New Zealand history falsehoods laid bare
The distortion of the history of New Zealand by racists for political and financial advantage continues at a relentless pace. This has never been more so than in the events preceding a “so-called “Land Wars Day” on 28th October 2017.
On 21st February 1864, in a brilliant and humane action at dawn, designed to minimise loss of life on both sides, troops under General Sir Duncan Cameron occupied Rangiaowhia, breadbasket of the Waikato rebels on which their dominant pa at Paterangi depended. With this setback, it was not long before the rebellion was quelled.
Furious at being so outwitted, the rebels soon concocted the odious lie that a church full of women and children had been burned to the ground and other atrocities committed. Nurtured as “oral history” by the Ngati Apakura tribe, this travesty of the truth remains active to this day, being related at length by one Vincent O’Malley in the “NZ Listener” for 25th February 2017. By contrast, with access to accounts of actual observers, one a Maori lad at the time, there is my own description of the real events in the March 2017 issue of New Zealand Voice”.
Others, notably Dame Susan Devoy (i) and historian Jock Phillips (ii) have likewise repeated the lie of the church-burning.
A party of students from Otorohanga College having visited the site and been fed the false tales of the locals, a petition for a “Land Wars Day” was organised by teacher Mariana Papa and presented to Parliament by students Leah Bell and Waimarama Anderson. Parliament failed to investigate the validity of this petition which was accepted without question and so 28th October 2017 became “Land Wars Day”.
On this occasion appeared a report, authored by Martin Johnston, senior reporter of the NZ Herald, (iii) who had evidently interviewed student Bell, now at university, teacher Papa and historian O’Malley. While it makes no direct accusation of any church-burning it is riddled with gross falsehoods about many aspects of New Zealand’s history including the Rangiaowhia affray.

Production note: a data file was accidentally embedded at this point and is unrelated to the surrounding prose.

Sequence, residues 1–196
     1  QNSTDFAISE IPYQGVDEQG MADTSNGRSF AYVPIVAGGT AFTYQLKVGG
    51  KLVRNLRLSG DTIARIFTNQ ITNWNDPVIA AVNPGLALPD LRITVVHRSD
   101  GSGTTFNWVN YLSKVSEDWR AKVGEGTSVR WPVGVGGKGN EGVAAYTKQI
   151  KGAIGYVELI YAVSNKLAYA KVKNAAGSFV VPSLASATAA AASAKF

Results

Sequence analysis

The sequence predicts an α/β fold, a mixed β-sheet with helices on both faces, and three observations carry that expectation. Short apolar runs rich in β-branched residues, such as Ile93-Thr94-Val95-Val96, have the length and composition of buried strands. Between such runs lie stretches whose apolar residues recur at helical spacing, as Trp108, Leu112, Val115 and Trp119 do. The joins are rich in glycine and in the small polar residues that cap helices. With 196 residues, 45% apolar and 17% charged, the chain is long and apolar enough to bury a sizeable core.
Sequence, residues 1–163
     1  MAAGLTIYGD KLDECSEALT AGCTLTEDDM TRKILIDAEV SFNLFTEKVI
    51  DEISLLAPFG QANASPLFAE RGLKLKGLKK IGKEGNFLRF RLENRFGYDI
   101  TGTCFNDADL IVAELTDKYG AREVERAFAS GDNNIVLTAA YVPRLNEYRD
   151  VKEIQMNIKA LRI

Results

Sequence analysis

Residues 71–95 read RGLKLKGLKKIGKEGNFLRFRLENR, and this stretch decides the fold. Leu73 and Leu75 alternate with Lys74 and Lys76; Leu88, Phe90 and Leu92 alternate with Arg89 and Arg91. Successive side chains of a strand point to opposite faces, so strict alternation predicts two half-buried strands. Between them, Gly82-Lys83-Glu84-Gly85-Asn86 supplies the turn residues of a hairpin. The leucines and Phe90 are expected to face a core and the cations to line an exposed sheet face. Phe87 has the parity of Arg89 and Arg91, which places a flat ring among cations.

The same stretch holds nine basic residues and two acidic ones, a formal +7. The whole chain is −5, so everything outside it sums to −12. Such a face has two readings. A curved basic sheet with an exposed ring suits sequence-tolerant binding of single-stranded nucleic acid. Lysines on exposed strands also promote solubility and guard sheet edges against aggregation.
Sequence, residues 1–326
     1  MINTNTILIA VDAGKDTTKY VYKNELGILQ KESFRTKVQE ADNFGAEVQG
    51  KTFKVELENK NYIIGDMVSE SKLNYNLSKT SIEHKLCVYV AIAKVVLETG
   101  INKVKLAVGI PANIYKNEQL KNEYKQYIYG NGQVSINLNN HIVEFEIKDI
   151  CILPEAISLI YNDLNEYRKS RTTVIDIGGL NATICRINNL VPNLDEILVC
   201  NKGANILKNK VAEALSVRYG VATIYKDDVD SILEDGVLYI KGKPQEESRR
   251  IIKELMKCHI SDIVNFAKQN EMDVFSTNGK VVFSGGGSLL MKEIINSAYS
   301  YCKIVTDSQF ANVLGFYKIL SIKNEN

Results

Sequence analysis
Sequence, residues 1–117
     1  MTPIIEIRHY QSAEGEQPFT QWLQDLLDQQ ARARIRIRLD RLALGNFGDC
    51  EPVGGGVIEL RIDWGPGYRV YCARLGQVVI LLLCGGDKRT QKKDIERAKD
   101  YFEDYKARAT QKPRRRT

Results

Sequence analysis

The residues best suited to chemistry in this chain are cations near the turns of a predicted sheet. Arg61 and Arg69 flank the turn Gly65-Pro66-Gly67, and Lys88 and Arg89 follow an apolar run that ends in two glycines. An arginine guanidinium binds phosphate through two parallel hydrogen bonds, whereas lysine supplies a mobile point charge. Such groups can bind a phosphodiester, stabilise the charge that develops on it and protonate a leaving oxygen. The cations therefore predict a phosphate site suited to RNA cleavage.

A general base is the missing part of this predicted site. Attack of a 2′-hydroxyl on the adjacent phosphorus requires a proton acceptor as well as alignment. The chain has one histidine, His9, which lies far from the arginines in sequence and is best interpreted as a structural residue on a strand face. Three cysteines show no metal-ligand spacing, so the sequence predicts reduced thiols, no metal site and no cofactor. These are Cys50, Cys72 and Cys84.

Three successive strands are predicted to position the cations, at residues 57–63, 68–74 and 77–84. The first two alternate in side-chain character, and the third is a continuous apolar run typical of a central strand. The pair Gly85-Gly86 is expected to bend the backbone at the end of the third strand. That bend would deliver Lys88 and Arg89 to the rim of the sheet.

It is despicable that school students should have been made the vehicle for the spreading of such false tales but it is doubly despicable because the truth was known in Otorohanga College nearly two years ago. Principal Timoti Harris had received from me an accurate account of events at Rangiaowhia (iv), enclosed with my letter to him of 3rd December 2015. I wrote again on 11th December 2015 and having no reply, again on 3rd January and 27th March 2016. His belated reply subsequently was received after he had retired as school principal.
I wrote also to the Te Awamutu RSA who responded with total silence and the Library whose reply was short but informative. Tony Membery, Principal of Te Awamutu College briefly acknowledged my second letter to him, concluding: “I believe this will put an end to our correspondence on this matter.” Other enquiries elicited that at Tony Member’s school, discussion of Rangiaowhia was avoided though a tale was current there that what was an old rebel’s white blanket had metamorphosed into a white flag of surrender!
And so the tales continue to fester as so clearly shown by journalist Johnston’s report. Thus:
No. 1: ”College students’ shock at the burning to death of residents of a Waikato village is at the heart of the annual day to remember the New Zealand Wars.”
IA: The burning to death of seven rebels was their own fault. They fired first.
1B: There were no “New Zealand Wars”. There were tribal rebellions.
No. 2: “the invasion of Rangiaowhia”
2: Rangiaowhia was British sovereign territory. Any action to recover it from rebels was entirely legitimate and it is a travesty to call it an “invasion”.
No. 3: “the largely undefended village of Rangiaowhia”.
3: As events proved, there was a substantial number of armed rebels in the village and caches of arms were discovered in whares after the occupation.
No. 4: “[It] was attacked by British forces on February 21, 1864”.
4: Shots were only returned to rebel fire. Rebels attacked first.
No. 5: “Buildings were burned with people inside them.”
5: Only one building was burned with people inside. This was the whare, fashioned as a gunpit, from which old fool Hoani Papita/John the Baptist, shot and killed Sergeant McHale at point blank range when called on to surrender. In the subsequent exchange, the hut made of dry vegetation probably caught alight from the discharge of rebels’ or troops’ firearms. Nobody could be sure.
No. 6: ”The Great War for New Zealand, Waikato 1800-2000”
6A: This reported title of O’Malley’s book is grossly misleading. There were inter-tribal wars before Europeans arrived. These intensified after 1807 when the tribes acquired guns, with Maori victims killed and eaten on a colossal scale. This was New Zealand’s “Great War”.
6B: “1800-2000” is a gross exaggeration. Tribal rebellions started with the Kawiti/Heke rebellion in Northland, 1843-5; mostly a sequence of skirmishes until their attack on Kororareka/Russell which was suppressed largely by Maori forces loyal to the Crown. Other rebellions spanned the period 1859-1880. What does O’Malley date of 2000 imply? (Note: The Taranaki Museum made a similar allusion in its falsehood-filled exhibition in 2011-3.)